Apple's Tim Cook Hits FBI In Weak Spot


Apple's Tim Cook Hits FBI In Weak Spot

Apple CEO Tim Cook has taken the debate of whether or not the government should be allowed to access the personal data held within iPhones to the media. In a recent interview, Cook tried to win over public opinion on the matter, making bold statements about the government’s desire to break the iPhone. Most notably, the CEO compared the software that the FBI wants to use on the phones to cancer.

In his statements, Cook argued that since computer code is speech. If it were to be required that Apple manufacture iPhones with an operating system that can be easily broken by the FBI, the company’s freedom of speech would be restricted. Cook also said that such an order would violate the due process clause of the Fifth Amendment by depriving Apple of its liberty.

Cook said in the interview, “What is at stake here is, can the government compel Apple to write software that we believe would make hundreds of millions of customers vulnerable around the world, including the US?"

The Apple CEO went on to say that he would never willingly expose the private information of millions of his customers.

“If we knew a way to get the information on the phone that we haven’t already given and that would not expose hundreds of millions of other people, we would obviously do it. But again this is not about one phone, this is about the future,” he added.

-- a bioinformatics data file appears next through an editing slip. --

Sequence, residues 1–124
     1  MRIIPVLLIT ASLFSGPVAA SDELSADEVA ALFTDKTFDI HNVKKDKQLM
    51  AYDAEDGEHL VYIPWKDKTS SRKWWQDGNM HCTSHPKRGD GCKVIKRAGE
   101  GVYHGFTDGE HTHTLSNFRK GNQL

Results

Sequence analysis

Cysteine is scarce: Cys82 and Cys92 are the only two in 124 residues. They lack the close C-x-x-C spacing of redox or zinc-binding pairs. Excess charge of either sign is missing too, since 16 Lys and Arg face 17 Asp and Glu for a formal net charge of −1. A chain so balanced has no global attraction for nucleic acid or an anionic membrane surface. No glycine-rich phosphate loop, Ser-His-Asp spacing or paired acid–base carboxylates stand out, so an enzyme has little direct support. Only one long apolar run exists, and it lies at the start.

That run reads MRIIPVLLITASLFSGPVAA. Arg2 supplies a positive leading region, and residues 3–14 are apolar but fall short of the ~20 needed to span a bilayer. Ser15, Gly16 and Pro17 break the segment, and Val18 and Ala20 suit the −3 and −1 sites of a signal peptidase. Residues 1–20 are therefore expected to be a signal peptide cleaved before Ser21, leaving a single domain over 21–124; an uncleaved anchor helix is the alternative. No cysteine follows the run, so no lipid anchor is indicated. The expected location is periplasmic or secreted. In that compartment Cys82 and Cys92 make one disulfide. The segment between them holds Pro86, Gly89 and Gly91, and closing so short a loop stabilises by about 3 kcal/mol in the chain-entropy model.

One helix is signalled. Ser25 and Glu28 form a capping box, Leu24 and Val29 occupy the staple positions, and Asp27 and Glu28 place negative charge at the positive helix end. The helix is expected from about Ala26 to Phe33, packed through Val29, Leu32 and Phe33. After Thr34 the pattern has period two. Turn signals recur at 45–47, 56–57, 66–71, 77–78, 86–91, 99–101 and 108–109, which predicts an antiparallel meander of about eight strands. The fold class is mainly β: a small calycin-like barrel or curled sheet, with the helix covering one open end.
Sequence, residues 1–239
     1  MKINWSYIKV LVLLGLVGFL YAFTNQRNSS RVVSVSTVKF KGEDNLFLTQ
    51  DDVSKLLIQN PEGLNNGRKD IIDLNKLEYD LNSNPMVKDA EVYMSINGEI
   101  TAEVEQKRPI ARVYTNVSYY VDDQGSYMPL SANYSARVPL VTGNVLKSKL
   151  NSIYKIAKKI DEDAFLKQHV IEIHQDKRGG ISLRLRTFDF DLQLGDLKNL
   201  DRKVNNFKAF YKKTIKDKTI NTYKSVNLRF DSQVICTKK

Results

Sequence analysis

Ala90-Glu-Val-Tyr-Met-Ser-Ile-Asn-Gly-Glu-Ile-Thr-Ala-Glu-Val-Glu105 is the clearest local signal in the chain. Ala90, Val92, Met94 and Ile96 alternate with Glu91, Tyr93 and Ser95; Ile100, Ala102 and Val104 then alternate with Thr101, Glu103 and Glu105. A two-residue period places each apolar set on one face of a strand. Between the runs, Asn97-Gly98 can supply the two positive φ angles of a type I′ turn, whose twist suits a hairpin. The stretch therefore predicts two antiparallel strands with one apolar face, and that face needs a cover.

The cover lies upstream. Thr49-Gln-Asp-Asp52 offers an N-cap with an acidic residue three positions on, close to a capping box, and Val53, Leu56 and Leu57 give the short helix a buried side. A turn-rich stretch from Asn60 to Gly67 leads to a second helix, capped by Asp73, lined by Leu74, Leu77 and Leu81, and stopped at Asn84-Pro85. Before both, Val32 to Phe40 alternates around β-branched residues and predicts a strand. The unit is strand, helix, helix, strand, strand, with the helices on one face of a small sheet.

Needless to say, Apple is trying to drum up public support on the matter. With the country widely split on issues of encryption, it could easily come down to public opinion on how the government acts in this case. Politicians will not support an issue unless they believe they have the support from the public. If Apple can get the public on their side, politicians will support them as well.

A recent poll showed that 46% of Americans believe that the government should be allowed to access the information stored on phones in order to prevent acts of terrorism. Meanwhile, 42% disagreed with this statement, and 12% were unsure or refused to answer.

In the end, it’s a good strategy by Apple to take the issue to the public. The FBI is notoriously weak in its public relations department, so Apple should easily have the edge on such a stage. Expect the issue to continue to be hotly discussed in the coming weeks.

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